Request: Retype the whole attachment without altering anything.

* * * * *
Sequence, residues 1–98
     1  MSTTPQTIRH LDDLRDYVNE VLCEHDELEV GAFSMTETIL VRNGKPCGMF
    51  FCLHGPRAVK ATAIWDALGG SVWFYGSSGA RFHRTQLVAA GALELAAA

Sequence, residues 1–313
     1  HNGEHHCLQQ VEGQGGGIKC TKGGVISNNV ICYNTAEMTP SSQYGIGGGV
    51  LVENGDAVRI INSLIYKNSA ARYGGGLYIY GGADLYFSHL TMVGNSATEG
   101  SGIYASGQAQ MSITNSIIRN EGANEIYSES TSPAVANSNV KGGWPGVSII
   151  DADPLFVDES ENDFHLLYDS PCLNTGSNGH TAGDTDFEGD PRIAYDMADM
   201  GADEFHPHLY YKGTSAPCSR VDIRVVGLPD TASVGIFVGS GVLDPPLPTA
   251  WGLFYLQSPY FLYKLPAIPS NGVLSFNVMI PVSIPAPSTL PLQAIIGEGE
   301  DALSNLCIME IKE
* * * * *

Sequence, residues 1–98
     1  MSTTPQTIRH LDDLRDYVNE VLCEHDELEV GAFSMTETIL VRNGKPCGMF
    51  FCLHGPRAVK ATAIWDALGG SVWFYGSSGA RFHRTQLVAA GALELAAA

Sequence, residues 1–313
     1  HNGEHHCLQQ VEGQGGGIKC TKGGVISNNV ICYNTAEMTP SSQYGIGGGV
    51  LVENGDAVRI INSLIYKNSA ARYGGGLYIY GGADLYFSHL TMVGNSATEG
   101  SGIYASGQAQ MSITNSIIRN EGANEIYSES TSPAVANSNV KGGWPGVSII
   151  DADPLFVDES ENDFHLLYDS PCLNTGSNGH TAGDTDFEGD PRIAYDMADM
   201  GADEFHPHLY YKGTSAPCSR VDIRVVGLPD TASVGIFVGS GVLDPPLPTA
   251  WGLFYLQSPY FLYKLPAIPS NGVLSFNVMI PVSIPAPSTL PLQAIIGEGE
   301  DALSNLCIME IKE